Wageningen UR has sown the first quinoa fields at its test facilities in Lelystad and Vredepeel. A number of fields have been sown for nitrogen trials and a number of fields for research into varieties. A further five hectares have been sown for conventional cultivation.
Sand and clay
The research into varieties is taking place at two locations in order to discover whether the varieties grow well in clay soil (Lelystad) or sandy soil (Vredepeel). In addition, the trials will be used to examine which quinoa varieties ripen early. Ruud Timmer, crop expert at Wageningen UR, explains: 'Quinoa is a crop that does not ripen until late in the season, around mid-September. During rainy periods in the autumn it is difficult to harvest the crop in a dry state, as the days are getting shorter and the sun is getting weaker. In the variety trial, we will be looking at which varieties ripen earliest. In addition, we will look at which variety gives the greatest yields.'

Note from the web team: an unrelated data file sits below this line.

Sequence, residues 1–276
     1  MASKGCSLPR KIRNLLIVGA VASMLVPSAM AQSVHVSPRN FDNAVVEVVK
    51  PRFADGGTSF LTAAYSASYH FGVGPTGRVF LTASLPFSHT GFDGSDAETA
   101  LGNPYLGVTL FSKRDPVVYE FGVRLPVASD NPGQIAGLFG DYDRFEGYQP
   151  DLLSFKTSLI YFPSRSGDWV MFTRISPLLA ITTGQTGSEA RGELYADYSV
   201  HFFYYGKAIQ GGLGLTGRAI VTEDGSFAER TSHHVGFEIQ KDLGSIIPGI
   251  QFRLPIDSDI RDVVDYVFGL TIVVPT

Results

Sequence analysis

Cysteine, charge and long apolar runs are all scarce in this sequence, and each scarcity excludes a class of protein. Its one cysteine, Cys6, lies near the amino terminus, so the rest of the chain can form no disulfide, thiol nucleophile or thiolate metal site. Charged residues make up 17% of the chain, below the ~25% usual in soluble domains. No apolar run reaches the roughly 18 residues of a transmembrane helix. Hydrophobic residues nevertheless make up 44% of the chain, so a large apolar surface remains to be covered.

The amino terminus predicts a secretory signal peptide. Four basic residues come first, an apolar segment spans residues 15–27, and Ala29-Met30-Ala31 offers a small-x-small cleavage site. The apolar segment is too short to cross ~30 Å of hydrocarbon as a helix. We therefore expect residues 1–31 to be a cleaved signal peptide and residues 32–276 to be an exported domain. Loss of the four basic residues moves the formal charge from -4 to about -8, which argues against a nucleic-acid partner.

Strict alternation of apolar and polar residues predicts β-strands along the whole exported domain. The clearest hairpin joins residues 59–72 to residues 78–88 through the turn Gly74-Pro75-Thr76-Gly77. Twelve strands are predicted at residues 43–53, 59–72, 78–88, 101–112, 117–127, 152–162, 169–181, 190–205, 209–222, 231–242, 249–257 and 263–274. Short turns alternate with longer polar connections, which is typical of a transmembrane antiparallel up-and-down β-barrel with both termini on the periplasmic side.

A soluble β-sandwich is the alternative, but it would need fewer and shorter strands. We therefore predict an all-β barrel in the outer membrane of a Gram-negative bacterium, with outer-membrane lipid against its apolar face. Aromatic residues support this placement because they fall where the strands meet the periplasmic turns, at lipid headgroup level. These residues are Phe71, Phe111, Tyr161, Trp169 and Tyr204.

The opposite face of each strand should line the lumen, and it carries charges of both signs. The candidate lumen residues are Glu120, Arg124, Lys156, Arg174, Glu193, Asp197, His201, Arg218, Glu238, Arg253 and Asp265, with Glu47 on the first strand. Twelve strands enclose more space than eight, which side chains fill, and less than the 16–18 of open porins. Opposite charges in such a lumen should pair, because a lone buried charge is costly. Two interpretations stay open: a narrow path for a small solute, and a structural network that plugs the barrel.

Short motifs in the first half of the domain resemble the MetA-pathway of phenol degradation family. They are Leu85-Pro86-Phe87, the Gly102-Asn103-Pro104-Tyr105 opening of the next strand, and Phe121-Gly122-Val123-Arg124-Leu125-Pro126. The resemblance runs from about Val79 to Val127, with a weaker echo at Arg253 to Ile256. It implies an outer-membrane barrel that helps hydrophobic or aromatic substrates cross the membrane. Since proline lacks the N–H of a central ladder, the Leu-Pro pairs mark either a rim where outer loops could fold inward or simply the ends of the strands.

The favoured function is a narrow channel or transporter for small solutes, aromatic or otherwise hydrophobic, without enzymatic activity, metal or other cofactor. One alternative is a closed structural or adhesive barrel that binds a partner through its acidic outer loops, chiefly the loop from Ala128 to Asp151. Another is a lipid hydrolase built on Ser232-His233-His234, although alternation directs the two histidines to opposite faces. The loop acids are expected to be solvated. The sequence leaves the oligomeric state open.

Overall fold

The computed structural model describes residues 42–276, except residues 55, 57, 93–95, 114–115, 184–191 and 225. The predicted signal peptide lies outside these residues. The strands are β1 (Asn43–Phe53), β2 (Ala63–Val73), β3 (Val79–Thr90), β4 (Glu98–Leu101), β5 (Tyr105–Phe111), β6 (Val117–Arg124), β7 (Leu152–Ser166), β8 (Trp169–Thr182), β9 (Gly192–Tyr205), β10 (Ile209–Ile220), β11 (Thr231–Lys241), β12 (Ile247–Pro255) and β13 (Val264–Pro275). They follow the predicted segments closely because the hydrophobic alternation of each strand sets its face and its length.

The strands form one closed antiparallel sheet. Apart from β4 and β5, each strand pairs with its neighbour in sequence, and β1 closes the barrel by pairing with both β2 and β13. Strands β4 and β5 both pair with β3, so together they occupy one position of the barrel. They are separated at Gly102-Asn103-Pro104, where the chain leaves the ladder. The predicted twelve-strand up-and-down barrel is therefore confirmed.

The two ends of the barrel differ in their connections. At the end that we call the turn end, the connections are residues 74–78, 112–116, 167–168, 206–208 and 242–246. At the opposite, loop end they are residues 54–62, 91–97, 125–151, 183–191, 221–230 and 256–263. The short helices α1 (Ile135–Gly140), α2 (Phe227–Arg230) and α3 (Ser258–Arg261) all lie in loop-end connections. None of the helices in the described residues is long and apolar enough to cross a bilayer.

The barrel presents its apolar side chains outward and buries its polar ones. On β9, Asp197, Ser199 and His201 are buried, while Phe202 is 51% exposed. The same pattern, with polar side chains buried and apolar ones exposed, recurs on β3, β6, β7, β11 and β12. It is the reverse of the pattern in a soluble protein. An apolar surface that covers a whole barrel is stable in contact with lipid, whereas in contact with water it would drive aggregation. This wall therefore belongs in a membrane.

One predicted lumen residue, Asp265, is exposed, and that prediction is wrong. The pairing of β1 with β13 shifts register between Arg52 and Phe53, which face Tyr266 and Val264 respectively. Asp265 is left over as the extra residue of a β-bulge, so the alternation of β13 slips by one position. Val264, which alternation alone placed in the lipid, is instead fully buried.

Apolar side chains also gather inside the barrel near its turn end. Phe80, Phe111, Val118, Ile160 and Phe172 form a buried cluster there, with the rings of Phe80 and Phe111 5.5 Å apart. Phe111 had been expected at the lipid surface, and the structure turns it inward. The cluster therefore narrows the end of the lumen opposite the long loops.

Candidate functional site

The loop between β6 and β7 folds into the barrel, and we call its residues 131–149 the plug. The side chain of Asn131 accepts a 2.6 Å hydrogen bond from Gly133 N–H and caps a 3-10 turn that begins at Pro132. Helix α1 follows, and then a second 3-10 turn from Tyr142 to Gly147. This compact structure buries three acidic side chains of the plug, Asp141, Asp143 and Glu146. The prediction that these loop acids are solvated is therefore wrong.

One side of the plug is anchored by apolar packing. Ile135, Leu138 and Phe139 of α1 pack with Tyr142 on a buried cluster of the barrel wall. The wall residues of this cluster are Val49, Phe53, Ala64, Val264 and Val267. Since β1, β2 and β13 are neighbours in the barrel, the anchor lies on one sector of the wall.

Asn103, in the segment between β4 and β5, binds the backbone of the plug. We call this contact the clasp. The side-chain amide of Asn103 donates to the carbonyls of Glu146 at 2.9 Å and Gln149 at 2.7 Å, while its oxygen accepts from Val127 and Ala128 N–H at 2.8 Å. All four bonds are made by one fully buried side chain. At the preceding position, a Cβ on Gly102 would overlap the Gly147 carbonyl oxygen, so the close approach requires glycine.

No plant protection products
During the season, the properties of the varieties will also be monitored. Ruud Timmer explains: 'When growing quinoa, the use of plant protection products is prohibited, even for conventional crops. With this research, we aim to discover which varieties are most resistant to diseases and pests.'
This year, the researchers will also look at the nematodes in the soil for the first time. By analyzing the soil before and after the trial, the researchers will gain an initial impression of which harmful nematodes may increase in number when quinoa is cultivated.